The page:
Saturday, January 29, 2011

Collage and Painting

COLLAGE  AND  PAINTING                                                               
Collage isn't just for a school project for the Art class. I have done a few pieces that incorporates collage and Painting to make a most interesting composition. Having viewed several Artists who use this techniques, I realize how far and how beautiful your creation could become using collage technique.

Here are 2 projects that I have personally worked on. Humming Bird" see my web site, under the   fauna collection and "Lighthouse Fantasy" under Aqua collection.                                                               

                   In "Humming Bird", I took pieces of tissues paper and glued them on in patches, crumbling some of them, smoothing others. I used white glue and a sponge brush to paste them down. When it was dry, I coated the canvas with color and then proceeded to paint over the rough texture. The painting was quite different than working on a smooth canvas.

               In "Lighthouse Fantasy", I used pieced together photos that I have taken, along with pieced together paintings that I have done. I then combined the collection, moving them around to create a story that I wanted with the images. My final step was to sketch in other details, paint them and then glue up the loose pieces.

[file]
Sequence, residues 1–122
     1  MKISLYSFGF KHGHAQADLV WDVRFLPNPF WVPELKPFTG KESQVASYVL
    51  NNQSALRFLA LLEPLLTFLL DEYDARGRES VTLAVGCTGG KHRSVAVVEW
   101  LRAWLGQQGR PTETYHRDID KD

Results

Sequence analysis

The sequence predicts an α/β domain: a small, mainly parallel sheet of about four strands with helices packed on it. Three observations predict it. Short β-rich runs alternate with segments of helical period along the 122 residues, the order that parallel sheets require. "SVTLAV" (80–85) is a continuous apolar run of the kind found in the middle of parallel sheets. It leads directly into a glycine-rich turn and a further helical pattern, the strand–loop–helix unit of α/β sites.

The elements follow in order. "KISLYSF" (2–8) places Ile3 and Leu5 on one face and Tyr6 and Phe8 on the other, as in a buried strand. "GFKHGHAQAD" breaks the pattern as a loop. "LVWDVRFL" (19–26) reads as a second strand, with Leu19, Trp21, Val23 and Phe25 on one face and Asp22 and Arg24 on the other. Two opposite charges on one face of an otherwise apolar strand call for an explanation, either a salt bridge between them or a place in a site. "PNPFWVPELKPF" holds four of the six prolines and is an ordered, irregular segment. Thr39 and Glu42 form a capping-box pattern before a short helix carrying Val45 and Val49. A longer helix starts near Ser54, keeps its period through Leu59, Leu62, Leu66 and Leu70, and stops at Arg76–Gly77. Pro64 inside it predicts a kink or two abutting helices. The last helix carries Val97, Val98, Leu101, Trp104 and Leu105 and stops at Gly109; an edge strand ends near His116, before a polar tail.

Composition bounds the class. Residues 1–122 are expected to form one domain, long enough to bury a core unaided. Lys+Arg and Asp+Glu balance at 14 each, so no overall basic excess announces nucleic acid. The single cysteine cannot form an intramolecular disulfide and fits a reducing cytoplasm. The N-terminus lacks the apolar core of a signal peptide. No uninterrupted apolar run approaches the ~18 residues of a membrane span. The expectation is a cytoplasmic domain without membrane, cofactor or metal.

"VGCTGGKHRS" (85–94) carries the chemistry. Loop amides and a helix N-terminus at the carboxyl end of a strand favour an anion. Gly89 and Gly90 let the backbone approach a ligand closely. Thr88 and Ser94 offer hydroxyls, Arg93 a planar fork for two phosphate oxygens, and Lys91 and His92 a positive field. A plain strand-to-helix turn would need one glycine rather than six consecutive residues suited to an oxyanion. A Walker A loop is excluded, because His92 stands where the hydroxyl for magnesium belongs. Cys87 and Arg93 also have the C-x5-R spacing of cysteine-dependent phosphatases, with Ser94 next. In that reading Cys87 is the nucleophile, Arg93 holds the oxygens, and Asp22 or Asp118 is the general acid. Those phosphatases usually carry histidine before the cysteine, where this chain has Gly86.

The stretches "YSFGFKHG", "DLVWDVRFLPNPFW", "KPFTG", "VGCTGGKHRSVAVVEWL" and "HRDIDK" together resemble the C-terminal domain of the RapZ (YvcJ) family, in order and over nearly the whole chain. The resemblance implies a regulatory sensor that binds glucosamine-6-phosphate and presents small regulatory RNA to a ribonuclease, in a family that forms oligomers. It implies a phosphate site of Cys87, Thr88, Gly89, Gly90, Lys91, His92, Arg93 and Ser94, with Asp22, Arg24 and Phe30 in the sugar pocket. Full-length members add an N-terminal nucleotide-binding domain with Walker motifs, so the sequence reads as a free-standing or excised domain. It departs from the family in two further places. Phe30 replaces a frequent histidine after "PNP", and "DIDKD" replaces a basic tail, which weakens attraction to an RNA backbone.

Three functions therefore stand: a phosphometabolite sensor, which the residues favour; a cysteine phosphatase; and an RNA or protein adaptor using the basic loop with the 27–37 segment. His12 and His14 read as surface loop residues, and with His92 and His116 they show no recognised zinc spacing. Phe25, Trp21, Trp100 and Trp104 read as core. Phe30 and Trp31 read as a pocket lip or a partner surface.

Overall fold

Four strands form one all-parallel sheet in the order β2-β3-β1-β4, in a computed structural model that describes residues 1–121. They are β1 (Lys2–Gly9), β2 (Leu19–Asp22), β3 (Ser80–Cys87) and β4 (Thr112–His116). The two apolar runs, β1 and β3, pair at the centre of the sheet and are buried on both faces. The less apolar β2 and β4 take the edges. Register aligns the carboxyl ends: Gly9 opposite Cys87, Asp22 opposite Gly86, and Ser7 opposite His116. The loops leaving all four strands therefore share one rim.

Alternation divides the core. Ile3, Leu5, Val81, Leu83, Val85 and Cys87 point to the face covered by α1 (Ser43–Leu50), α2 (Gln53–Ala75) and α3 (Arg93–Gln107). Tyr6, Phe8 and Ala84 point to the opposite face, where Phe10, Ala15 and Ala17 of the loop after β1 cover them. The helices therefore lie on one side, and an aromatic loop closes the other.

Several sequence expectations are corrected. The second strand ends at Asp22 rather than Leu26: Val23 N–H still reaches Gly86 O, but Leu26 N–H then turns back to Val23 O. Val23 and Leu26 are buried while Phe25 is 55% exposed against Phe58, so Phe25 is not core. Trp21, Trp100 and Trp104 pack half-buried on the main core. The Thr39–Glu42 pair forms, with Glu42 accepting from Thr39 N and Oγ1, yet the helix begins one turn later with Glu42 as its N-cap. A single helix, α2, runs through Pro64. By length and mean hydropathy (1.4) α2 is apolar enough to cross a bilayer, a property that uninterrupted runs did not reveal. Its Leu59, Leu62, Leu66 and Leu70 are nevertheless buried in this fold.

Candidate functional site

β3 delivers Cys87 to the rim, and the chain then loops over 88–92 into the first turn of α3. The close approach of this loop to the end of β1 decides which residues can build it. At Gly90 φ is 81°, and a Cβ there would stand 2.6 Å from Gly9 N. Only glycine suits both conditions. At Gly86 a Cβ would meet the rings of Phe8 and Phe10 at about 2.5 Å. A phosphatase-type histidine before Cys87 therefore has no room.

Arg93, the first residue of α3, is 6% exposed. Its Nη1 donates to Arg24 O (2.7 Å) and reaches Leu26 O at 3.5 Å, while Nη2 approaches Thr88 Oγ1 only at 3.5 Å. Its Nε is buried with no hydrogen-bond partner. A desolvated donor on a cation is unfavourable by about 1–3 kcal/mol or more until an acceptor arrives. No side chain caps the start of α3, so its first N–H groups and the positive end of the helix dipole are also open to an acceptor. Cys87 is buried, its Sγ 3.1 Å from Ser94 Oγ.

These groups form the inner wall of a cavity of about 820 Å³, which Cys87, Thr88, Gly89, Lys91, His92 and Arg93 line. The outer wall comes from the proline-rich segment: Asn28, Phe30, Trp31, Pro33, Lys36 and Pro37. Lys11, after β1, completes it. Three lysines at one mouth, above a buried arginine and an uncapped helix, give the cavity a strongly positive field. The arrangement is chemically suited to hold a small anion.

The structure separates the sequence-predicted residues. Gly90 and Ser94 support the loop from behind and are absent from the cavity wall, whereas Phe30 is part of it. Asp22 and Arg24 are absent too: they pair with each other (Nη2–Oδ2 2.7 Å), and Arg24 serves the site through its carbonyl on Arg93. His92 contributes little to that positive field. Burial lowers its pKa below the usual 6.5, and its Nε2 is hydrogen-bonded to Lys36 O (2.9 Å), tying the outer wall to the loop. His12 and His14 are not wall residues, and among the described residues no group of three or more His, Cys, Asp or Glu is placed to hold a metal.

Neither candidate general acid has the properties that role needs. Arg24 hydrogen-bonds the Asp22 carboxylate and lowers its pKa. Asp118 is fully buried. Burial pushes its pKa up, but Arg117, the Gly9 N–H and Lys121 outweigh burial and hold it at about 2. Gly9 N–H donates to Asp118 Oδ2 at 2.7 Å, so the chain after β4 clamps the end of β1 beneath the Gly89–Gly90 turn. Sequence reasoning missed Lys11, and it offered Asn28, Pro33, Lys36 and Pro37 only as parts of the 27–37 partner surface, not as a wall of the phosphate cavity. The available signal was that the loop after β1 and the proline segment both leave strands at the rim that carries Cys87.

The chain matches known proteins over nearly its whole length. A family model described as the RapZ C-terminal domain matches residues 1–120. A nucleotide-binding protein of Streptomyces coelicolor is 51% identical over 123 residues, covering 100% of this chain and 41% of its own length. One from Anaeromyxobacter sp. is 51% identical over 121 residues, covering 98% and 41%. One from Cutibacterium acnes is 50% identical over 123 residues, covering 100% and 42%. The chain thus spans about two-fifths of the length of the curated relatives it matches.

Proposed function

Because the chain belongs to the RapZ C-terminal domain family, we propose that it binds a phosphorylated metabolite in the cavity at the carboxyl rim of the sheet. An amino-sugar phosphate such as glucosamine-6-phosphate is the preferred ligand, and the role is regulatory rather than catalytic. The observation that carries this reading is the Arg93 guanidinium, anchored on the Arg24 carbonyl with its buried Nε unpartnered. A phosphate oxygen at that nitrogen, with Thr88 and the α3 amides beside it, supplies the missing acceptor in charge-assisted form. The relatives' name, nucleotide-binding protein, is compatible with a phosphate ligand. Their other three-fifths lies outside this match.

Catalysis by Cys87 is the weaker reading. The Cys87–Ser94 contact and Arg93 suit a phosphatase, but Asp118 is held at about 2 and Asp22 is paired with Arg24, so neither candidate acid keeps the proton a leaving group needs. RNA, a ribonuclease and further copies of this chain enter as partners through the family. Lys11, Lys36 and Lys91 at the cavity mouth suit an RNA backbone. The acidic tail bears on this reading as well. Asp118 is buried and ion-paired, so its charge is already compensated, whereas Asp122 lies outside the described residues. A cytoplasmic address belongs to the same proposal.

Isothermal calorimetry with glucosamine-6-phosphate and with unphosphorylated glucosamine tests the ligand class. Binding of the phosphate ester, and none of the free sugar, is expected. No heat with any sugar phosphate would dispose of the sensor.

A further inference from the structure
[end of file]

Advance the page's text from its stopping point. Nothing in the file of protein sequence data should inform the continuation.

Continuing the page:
The final product to be applied to both was a clear Acrylic Varnish.

You can create the most unusual with the collage  technique, taking you into the Surreal world.

I would love to hear your comments on this topic.

These paintings are under Fauna and Aqua collection on my web site.

Web site:

Wednesday, January 26, 2011

Working With Acrylics

Acrylic Paints were introduced in the 1950's. It is known as the "youngest" of all the media choices. Oil and water color paints have been used since the 15th century. The Modernists (Robert Motherwell, Mark Rothko) were the first to use Acrylic Paint. It's fast drying properties made it very attractive. Today it is used widespread for all aspects of Art. Liquitex was the first water-based paint.

I use Acrylic Paint as my main medium. Occasionally, I will do an Oil Painting, (love using water-soluble oils), but Acrylic Paint is my mainstay. (See my web site:
The class that I teach, is  Acrylic Painting-giving Artists the chance to experience it's properties and quick satisfaction of a finished or semi-finished painting in the 2 hour class time.